Stormwater Pollution

Press Releases
Protecting the Charles River from Stormwater Pollution

 “A stew of pollutants is flowing into the Charles every time it rains, threatening decades of efforts to clean up this iconic river,” said Caitlin Peale Sloan, Senior Attorney at CLF. “Stormwater pollution can lead to dangerous cyanobacteria outbreaks, which sicken people and wildlife and have no place in our river. The Charles belongs to everyone, and it’s time we stop giving a free pass to the polluters who are destroying this precious resource.”

Blog
Lake Champlain in Crisis: An Illustrated Narrative
by Rebekah Weber

Summer after summer, Lake Champlain is plagued with toxic cyanobacteria blooms, also known as blue-green algae. These toxic algae outbreaks harm our way of life as well: the next generation of Vermonters may not be able to enjoy a summer on Lake Champlain the way that their grandparents did.

Publications
Conservation Matters Winter 2019

From climate to transit, from your tap water to the ocean, and from Maine to Connecticut, CLF and New England are poised to make progress where governments falter. Turn Off the Gas Winter Snow and Ice Bring Out Big Gas’s Fearmongers. Why is the Region’s Electric Grid Operator among Them? Progress Report Clear Skies Ahead…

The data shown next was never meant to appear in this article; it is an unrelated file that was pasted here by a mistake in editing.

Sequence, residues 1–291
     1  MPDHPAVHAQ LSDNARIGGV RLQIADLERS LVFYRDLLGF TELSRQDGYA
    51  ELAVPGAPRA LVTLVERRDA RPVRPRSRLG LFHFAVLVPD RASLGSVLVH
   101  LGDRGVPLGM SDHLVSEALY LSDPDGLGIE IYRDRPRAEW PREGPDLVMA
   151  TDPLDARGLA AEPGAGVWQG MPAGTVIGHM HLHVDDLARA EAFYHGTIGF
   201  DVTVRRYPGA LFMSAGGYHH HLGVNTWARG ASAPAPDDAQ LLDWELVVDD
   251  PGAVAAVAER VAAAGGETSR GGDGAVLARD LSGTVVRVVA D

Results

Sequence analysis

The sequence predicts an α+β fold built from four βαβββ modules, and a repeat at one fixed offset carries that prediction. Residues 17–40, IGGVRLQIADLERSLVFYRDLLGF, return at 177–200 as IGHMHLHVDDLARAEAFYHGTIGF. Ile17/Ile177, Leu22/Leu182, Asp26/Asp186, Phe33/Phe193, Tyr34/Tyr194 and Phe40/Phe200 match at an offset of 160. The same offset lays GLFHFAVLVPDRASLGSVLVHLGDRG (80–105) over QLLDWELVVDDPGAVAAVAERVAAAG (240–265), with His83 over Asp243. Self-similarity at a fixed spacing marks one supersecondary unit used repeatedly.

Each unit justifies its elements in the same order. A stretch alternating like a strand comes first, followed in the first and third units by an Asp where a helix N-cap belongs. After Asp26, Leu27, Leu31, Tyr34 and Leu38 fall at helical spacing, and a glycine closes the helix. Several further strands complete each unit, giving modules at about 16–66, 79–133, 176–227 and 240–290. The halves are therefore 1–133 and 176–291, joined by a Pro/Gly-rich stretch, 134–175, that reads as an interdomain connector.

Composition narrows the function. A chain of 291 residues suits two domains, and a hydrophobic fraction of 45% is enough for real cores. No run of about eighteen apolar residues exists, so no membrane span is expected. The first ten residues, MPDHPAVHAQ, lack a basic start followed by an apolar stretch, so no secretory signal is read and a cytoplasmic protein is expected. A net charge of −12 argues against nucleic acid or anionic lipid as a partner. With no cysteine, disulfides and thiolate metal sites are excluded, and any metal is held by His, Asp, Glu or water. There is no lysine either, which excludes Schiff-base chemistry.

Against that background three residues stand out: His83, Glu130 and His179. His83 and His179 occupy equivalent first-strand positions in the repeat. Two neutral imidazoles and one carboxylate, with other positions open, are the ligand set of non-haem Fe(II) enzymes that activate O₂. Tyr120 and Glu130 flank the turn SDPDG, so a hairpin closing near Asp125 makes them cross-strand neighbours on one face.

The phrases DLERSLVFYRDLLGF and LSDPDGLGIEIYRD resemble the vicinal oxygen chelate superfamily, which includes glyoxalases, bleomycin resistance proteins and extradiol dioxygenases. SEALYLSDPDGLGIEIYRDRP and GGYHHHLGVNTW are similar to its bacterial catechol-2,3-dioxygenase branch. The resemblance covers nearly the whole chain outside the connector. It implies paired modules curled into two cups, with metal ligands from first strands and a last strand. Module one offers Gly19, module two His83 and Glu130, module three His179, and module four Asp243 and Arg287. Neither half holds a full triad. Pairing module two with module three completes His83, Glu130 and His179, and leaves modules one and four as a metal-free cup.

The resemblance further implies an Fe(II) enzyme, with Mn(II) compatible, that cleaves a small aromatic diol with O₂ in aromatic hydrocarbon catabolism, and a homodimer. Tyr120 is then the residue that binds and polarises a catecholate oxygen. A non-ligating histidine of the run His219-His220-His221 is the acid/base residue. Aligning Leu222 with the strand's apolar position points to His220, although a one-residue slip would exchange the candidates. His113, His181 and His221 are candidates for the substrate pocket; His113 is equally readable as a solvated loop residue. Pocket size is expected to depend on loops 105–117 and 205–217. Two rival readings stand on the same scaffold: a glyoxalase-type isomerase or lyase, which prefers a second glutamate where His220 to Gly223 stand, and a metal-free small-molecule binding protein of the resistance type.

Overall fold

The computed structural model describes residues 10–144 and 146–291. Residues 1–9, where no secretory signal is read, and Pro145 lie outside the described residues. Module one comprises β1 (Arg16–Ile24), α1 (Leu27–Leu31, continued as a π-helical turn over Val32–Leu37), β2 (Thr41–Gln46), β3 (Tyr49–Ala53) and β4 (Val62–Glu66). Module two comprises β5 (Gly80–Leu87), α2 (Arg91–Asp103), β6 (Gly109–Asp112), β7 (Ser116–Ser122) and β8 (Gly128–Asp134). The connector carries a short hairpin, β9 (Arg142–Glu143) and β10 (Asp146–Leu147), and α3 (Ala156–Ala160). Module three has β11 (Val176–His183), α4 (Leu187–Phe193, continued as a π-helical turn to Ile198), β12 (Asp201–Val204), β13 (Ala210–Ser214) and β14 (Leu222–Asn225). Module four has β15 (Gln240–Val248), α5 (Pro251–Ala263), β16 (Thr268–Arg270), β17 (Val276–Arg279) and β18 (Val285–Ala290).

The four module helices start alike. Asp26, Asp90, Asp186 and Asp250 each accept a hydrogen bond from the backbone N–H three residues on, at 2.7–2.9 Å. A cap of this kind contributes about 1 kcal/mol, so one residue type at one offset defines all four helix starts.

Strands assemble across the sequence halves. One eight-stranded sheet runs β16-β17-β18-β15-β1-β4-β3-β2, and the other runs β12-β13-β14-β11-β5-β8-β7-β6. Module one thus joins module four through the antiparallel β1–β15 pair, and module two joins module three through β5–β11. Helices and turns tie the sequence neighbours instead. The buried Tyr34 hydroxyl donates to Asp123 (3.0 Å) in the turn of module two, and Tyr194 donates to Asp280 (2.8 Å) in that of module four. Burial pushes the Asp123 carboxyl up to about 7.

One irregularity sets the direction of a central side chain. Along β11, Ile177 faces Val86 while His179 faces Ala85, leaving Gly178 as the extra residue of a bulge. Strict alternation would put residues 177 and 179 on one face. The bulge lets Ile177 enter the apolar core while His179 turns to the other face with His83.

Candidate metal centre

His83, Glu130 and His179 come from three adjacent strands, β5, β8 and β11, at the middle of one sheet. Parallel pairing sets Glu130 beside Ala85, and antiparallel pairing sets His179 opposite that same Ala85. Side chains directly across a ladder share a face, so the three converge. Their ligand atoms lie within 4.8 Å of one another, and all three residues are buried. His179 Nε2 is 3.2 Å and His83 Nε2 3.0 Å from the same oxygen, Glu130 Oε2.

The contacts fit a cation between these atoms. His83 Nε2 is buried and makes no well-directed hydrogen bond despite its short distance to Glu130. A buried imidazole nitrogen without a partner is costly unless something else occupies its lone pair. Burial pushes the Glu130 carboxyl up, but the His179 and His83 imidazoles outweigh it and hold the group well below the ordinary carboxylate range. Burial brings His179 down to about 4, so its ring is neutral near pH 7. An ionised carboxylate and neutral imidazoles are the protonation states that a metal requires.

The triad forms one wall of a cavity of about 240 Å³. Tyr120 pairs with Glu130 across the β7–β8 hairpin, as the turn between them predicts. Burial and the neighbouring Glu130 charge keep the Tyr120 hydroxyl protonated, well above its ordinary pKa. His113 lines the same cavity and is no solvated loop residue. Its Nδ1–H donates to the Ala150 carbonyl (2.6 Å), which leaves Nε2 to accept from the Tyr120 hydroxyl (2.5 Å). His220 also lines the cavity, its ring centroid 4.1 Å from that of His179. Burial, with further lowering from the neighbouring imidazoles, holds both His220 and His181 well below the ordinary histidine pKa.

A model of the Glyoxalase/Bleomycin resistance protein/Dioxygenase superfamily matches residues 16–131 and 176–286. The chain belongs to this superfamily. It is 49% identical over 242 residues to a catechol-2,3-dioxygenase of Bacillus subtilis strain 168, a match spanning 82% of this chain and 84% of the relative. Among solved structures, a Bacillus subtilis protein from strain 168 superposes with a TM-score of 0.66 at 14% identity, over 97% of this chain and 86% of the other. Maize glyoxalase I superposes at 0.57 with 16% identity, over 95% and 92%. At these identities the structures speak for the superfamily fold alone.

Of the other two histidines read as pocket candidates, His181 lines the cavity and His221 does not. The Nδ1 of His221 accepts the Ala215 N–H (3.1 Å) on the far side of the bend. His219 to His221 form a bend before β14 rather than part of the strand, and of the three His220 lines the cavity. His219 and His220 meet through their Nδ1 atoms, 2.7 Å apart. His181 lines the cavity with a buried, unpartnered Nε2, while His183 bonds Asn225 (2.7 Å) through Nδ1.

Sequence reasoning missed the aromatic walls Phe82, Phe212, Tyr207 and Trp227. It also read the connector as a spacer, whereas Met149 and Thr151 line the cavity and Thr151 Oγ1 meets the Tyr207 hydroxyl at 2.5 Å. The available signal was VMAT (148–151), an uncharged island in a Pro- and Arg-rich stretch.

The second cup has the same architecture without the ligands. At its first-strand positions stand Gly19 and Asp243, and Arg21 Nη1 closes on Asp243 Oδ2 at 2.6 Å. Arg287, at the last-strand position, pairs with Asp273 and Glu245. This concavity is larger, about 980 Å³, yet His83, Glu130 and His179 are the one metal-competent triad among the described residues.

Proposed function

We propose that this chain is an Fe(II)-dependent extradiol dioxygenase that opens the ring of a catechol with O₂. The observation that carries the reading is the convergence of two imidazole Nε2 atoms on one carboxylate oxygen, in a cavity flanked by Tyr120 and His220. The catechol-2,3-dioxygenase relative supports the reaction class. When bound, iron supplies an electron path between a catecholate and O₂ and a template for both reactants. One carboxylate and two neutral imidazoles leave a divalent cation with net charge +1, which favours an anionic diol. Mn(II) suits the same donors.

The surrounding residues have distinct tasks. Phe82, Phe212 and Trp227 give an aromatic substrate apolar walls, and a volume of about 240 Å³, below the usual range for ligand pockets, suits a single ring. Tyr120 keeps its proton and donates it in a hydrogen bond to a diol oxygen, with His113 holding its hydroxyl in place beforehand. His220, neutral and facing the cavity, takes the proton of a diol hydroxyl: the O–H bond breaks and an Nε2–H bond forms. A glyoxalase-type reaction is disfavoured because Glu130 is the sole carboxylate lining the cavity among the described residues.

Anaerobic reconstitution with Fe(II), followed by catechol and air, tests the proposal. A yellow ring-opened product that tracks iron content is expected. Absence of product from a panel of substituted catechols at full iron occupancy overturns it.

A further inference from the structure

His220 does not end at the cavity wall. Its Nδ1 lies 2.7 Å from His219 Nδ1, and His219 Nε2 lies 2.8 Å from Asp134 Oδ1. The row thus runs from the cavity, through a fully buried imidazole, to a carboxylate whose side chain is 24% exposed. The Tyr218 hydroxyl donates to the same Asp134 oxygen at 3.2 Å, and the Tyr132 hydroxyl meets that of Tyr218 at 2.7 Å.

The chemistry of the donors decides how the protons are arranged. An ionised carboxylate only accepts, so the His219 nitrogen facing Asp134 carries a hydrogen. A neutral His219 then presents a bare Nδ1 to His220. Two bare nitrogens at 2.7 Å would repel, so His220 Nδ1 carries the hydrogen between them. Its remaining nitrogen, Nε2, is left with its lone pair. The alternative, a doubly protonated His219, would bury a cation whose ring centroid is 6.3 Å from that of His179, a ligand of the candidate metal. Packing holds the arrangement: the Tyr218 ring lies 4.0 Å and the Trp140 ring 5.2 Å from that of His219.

News Clips
Judge rejects Wychmere Beach Club’s motion to dismiss suit

The Boston-based environmental law firm contends this unimpeded flow of nutrients into these water bodies must be regulated under the Clean Water Act, which imposes much higher standards of pollution control than the state permit. Nutrients such as nitrogen spur rapid algal growth, destroying pond and bay ecosytems, rendering them unfit for swimming, fishing or marine life.

News Clips
PDA and CLF settle Clean Water lawsuit

“Stormwater pollution is one of the greatest threats to the health of Great Bay,” said Tom Irwin, vice president and director of CLF New Hampshire. “This historic agreement ensures that the Pease Development Authority will be playing by the same rules as communities throughout the Seacoast and will comply with the Clean Water Act. The health and safety of our waters is essential to our communities and our economy. No one has a right to pollute them.”